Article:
Monday, September 17, 2012

Unchained, uncensored, unbelievable

Sooo, guess what?
No, Christmas didn't come early. Christmas is right where it should be.
What did come to campus today, however, was the UNCHAINED TOUR!

Ever since we first got word that they were going to stop in Johnson City, the event has mostly been known as "NEIL GAIMAN IS COMING TO CAMPUS!" with some "I LOVE THE MOTH!" thrown in in-between fangirl sqeals. There was great excitement all over ETSU, especially in the immediate area of the nerd table, and storytellers for once were not the only people hyped about an afternoon of personal storytelling. Some would call it the magic of the Moth, but the way I see it, 'magic' is not quite the right word for this. I'd rather go with 'rock and roll'.

As the hosts to this amazingly colorful event, my roommate and me got to be of help backstage: we were in charge of guiding the group of raconteurs to the university cafeteria for lunch before the show. Here is one thing I absolutely love about storytellers: they are nice people! We talked about stuff, we laughed, we strolled around the Culp center to avoid the excited crowds. In the cafeteria we got to watch Neil Gaiman wander around getting food, and people walking past him not having a clue who he was (mostly because all the people on campus who did were already downstairs, standing in a long line). It was strangely entertaining to watch.

There was something about the whole experience that just made us all giddy on the inside. Storytelling is not usually the art form where you get the hyped up, busy, crowd-drawing tour experience, so it was a lot of fun to be a tiny part of the buzz.
I have met Peter Aguero before, he is largely responsible for the Brooklyn Moth experience being a memorable highlight of my winter break, and is an all around loveable guy, who gives amazing bear hugs.
And, of course, Neil Gaiman. The first book of his I ever read was American Gods, waiting in line for the interview that got me the scholarship to come to the USA. Since then, I have read pretty much everything he wrote, sharing the joy of reading with my roommates, friends, and family. This is the first time I have ever met a favorite author of mine in person. And I totally did it without sqealing! I am so proud of myself. He is a very kind and pleasant guy who had a nice word for everyone, and stood the rush of fans with a genuine smile on his face.

The show itself was the best of the best. The Unchained Band did some amazing music (and musical timekeeping). Dawn Fraser told us about her experience of "pretending to be white pretending to be black" with wit and honesty, and I totally spent half of her story trying to guess if the dog with the dreadlocks was a puli. I have never heard her before, but she charmed me too with the rest of the audience.
Peter, as always, was a wonderful host. Friendly, funny, sharp, never hesitant to embarrass people in the audience, but never hurting anyone. His story of how he met his wife was so heart warming it restored all my faith in happy endings. The fact that it was a true story made it even better. Who needs chick flicks when you can have raconteurs?
Neil Gaiman was the third (and last) teller in the set. He was wide open from the moment he walked on stage. He talked about his marriage, his dating life, and most of all the big white dog he rescued that had been chained for the first three years of its life. Anyone who rescues a big dirty dog and stuffs it in a mini has to be a great person. His story really drove the "unchained" part of the Unchained Tour home. It was about learning to live free, accepting the freedom to be happy, and things working out in the end. I like it when things work out in the end. Especially for dogs. And writers.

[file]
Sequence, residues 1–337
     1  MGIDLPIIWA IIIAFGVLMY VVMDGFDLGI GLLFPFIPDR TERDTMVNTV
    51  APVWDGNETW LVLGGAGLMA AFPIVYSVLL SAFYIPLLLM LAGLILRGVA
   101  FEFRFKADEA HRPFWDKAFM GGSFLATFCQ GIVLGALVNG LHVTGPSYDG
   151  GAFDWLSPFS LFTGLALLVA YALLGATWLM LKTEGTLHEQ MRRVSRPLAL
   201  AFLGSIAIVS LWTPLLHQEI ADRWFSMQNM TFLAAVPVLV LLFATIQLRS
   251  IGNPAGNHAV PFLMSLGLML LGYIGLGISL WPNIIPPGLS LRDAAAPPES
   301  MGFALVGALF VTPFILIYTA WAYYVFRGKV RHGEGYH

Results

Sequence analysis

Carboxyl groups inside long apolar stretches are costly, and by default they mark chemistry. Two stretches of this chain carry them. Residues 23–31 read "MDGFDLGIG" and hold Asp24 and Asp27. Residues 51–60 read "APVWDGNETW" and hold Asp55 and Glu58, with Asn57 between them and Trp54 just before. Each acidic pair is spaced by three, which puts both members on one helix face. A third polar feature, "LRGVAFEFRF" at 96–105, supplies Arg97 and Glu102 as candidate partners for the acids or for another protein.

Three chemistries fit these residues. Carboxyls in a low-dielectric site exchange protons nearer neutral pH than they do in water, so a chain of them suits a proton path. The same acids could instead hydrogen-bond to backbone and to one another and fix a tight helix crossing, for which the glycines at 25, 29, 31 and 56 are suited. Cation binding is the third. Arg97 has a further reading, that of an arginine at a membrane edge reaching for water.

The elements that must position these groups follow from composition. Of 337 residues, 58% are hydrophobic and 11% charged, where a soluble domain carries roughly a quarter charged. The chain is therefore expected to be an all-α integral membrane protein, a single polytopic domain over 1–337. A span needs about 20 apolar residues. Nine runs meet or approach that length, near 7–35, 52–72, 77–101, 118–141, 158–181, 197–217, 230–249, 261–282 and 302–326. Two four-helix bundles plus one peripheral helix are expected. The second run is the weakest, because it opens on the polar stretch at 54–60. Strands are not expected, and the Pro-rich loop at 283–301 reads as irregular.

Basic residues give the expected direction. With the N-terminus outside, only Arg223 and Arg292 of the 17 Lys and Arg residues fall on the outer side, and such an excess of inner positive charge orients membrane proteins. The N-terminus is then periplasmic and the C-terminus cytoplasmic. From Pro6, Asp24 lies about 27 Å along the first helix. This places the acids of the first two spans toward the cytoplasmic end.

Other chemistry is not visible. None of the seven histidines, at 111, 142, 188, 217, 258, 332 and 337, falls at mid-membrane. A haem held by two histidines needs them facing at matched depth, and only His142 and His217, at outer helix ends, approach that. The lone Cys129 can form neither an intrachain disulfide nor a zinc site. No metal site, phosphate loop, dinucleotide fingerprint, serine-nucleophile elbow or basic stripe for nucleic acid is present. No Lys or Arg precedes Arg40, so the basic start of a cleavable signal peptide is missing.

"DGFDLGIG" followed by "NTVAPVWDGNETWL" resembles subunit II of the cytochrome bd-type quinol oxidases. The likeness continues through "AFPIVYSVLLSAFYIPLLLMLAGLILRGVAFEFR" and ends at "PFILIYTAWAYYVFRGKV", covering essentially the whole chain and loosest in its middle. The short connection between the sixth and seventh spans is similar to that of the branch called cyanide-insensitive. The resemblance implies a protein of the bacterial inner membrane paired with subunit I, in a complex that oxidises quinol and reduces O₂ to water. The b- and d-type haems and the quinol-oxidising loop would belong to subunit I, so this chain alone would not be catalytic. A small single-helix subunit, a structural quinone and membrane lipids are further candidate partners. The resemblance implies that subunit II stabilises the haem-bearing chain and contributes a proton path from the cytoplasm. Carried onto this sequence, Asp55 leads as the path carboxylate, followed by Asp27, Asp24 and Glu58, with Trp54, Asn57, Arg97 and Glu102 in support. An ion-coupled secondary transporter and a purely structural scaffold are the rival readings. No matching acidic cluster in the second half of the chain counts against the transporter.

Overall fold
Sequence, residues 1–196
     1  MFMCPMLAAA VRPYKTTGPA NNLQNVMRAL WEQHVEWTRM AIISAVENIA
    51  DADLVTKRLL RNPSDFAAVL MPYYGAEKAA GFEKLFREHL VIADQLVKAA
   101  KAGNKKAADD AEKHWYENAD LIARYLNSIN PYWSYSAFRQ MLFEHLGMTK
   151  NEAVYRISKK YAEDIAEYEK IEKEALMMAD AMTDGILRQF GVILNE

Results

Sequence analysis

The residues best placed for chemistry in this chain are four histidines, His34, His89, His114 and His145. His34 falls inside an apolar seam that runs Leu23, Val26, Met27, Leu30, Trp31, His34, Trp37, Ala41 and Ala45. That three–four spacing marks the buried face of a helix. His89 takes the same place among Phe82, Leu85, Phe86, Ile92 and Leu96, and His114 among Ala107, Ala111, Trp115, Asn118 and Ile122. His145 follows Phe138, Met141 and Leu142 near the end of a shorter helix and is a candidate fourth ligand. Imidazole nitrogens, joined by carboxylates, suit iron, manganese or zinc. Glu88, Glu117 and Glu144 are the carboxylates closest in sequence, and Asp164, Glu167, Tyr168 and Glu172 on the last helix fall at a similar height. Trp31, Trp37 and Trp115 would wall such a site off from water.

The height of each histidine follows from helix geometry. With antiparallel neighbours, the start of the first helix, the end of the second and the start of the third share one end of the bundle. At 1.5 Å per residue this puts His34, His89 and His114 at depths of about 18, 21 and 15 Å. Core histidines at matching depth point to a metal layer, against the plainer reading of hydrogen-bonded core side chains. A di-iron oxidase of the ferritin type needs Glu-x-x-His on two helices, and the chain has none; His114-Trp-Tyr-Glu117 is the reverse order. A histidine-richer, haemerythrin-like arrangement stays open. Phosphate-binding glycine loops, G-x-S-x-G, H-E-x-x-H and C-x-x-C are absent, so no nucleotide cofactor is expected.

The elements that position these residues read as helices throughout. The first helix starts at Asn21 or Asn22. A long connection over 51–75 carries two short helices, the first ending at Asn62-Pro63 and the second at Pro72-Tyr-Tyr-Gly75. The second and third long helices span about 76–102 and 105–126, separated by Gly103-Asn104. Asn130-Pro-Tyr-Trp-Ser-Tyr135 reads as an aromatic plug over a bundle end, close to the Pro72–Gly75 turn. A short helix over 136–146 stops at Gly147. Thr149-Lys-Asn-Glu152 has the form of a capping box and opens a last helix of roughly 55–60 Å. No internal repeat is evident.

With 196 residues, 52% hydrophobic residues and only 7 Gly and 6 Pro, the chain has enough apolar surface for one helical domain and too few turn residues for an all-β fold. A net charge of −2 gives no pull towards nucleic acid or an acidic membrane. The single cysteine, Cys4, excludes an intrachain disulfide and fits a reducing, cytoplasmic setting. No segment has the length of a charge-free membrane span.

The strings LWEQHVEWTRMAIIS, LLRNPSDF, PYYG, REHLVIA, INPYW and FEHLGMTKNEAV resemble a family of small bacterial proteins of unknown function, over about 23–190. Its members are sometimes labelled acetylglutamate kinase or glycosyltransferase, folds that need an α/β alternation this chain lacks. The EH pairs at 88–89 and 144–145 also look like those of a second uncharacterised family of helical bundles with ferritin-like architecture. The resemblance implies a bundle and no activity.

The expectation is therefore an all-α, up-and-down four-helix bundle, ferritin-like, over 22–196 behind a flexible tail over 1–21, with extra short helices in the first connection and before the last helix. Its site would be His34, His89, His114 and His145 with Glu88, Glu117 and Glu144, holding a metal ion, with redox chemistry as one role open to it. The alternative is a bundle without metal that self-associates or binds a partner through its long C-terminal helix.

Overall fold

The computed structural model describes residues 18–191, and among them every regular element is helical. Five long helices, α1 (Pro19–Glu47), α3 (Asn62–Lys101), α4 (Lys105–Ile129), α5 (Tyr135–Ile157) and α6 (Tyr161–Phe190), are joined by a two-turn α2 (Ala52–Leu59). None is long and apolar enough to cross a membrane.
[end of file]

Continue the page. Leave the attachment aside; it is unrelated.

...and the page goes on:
The show was followed by a workshop. While Neil was flooded by fans outside the hall the greatly diminished numbers of listeners gathered around the stage to hear, and ask, about personal storytelling. It was about the process of crafting stories, but it never got really technical; it was more about the basic ideas behind telling your own stories. They talked about the importance of emotional truth; Peter explained that your responsibility first and foremost is always to the story, and not trying to get a certain reaction from the audience. I think that was a very important thought and it should be on bumper stickers and storytelling degrees. Yes.
As part of the workshop, Cathy was chosen by luck (or telepathy) to tell a personal story of her own on stage and then discuss it with the raconteurs. My roomie is a star! She was charming, delightful, funny, and all-around a gorgeus storyteller. She is going to be famous one day and I am going to exploit her being my roommate like nobody's business.

The workshop only ended when the raconteurs were practically kicked and dragged off stage in order to make it to their other show tonight. We exchanged hasty hugs and thanks and goodbyes, and wished them all the best for the road. Only when we left did we realize we didn't even remember to get our books signed by Neil.

But we got something a lot better! We got the full Unchained experience. And bear hugs.
And now I'm going to go back, read this post, and weed out every second 'awesome' and 'amazing' I find in it. Wish me luck!

Wednesday, September 5, 2012

Breaking New Blog

I have gone and done it again.

This new blog is about spotting old stories, motifs and story types in modern disguises (movies, books, music etc.) I am having fun spotting storytelling opportunities in things that are popular with the people I tell to :)

If you are curious, check it out!